Researcher and soprano Alina Bottez, PhD, associate professor at the Faculty of Foreign Languages and Literatures of the University of Bucharest, offers us, in episode number 8 of “microSCOPE: UB researcher on air” series, a foray into the area of intersection between literature and music, because, as the guest shows, our life is interdisciplinary by definition.
Thus, she tells us about the adaptation of literature to music and, especially, how a Shakespearean play is transformed when it becomes an opera or a musical, a form of theater with great success to the public.
The eighth episode of the microSCOPE series can be accessed here:
Starting from the premise that, by adapting literature to music, numerous changes and metamorphoses take place that are more than fascinating for the researcher’s study, prof. Alina Bottez invites us to delve into a series of concrete examples linked to these transformations.
Regarding the adaptation of Shakespeare’s plays to the genre of opera or musical, the guest of the Microscope shows that it changes depending on the period and the area where it takes place. As such, the phenomenon of adaptation is strongly influenced by the historical, cultural, social and religious context.
As an example, Alina Bottez presents us both the peculiarities and the mechanisms of censorship and self-censorship that acted in the case of the Romanian adaptation of the opera “Hamlet” composed by Pascal Bentoiu in 1968, with the premiere in 1974-1975, in full communist regime.
Another example offered is that of Antonio Salieri who, because he was addressing the cosmopolitan Viennese audience, collaborated with the librettist Carlo Prospero Defranceschi in the adaptation of the play “The Merry Wives of Windsor” using the accommodation of language humor: the English humor becomes a German-Italian one.
Next, the guest explains how the Danube, for example, or the war in Shakespeare’s works can be treated as independent characters and can be followed throughout an entire literature.
Thus, Alina Bottez shows, war in Shakespeare’s work is a “shapeshifter” because it appears in tragedies, historical plays, and comedies, changing its form depending on the context and approach. Regardless of whether he is a secondary character, who stands between man and his ideals, or, on the contrary, a main character who triggers the entire action, as in the play “A Midsummer Night’s Dream”, war has clear and well-defined characteristics, which Alina Bottez decided to explain in a complex study.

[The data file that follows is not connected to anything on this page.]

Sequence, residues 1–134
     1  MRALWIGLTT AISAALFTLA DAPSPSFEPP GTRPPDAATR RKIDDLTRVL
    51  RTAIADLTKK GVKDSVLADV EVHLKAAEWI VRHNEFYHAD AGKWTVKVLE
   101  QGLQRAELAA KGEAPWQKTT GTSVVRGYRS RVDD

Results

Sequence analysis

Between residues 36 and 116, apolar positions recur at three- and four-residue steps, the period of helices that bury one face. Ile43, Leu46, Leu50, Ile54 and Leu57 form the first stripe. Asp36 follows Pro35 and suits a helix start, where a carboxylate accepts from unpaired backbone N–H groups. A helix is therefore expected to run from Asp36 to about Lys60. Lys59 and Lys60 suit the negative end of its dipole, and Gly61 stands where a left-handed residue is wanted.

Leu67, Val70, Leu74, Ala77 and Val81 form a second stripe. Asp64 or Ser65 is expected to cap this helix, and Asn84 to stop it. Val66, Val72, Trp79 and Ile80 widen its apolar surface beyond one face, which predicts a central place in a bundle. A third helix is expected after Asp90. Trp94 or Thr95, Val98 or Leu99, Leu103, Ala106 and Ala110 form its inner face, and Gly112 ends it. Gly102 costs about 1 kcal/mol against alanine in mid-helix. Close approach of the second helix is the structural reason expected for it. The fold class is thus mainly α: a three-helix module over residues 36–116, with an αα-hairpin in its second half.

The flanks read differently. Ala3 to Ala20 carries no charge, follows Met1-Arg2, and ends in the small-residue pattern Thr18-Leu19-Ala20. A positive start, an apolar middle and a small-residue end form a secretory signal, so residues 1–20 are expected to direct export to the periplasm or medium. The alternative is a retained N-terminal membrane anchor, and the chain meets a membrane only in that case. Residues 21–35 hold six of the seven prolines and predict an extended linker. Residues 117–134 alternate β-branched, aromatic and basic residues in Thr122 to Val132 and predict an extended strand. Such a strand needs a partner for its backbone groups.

About all this, as well as about other publications and plans, the researcher and soprano Alina Bottez spoke to us in the eighth episode of the microSCOPE series: UB researcher on air.
Alina Bottez, PhD, is a professor and researcher in the English Language Department of the Faculty of Foreign Languages and Literatures of the University of Bucharest and a soprano. She holds a double major: in music and foreign languages. She obtained bachelor’s and master’s degrees at the University of Bucharest (English French) and at the National University of Music in Bucharest (canto, class of prof. Maria Slătinaru-Nistor) and the distinction Summa cum laude for an interdisciplinary doctorate on the topic of adapting Shakespeare to music – A Confluence between Musical and Literary Masterpieces: Opera Jewels Inspired from Shakespeare’s Falstaff Plays, 2013.
Alina Bottez has a rich artistic career in Romania and abroad. She published, among others, A Confluence between Masterpieces: Operas Inspired by Shakespeare’s Plays, Bucharest: Editura Muzicală, 2015; Avatars of the Oedipal Myth in Modern Culture. Bucharest: Eikon, 2022; The Circumcised Dog and the Subtle Whore: Race and Gender in the Musical Adaptations of Shakespeare’s Othello in Elena Bandín, Francesca Rayner & Laura Campillo Arnaiz eds. – Othello in European Culture, Amsterdam & Philadelphia: John Benjamins, 2022, 205-224.
Her main areas of interest are Shakespearean studies, cultural studies, the study of mentalities and adaptation, specifically the interdisciplinary analysis of opera, the musical, the lied (music, literature, theater, visual arts, philosophy, mentalities, theology), medieval literature and culture, and Renaissance, Victorian literature and culture, British literature of the XX, translation and interpretation and music. More details on Alina Bottez’s activity are available here, here and here.
* The material was filmed in the Library of the Center for British Studies within the Faculty of Foreign Languages and Literatures, University of Bucharest.
Part of the science communication program developed by the University of Bucharest, the “MicroSCOPE: UB researcher on air” series aims to present in a dynamic and concise manner information on the concrete results of some notable research efforts within the University of Bucharest.
In terms of format and objectives, the microSCOPE series comes to complete the science communication program of the University of Bucharest, which also includes the UB Conferences – Science for Everyone and the UB Science Dose.
The objective of the series is to promote those research projects (patents, articles and books) which, through the major contribution made to the field of which they belong, have come to benefit from international recognition, thus encouraging the connection between UB and various universities and research institutions abroad.
The microSCOPE, whose guests are primarily researchers from the UB awarded for their research results, aims to contribute to informing the Romanian academic milieu, but also other categories of interested public, on the main research projects carried out within the UB, thus stimulating the development of future collaborative initiatives.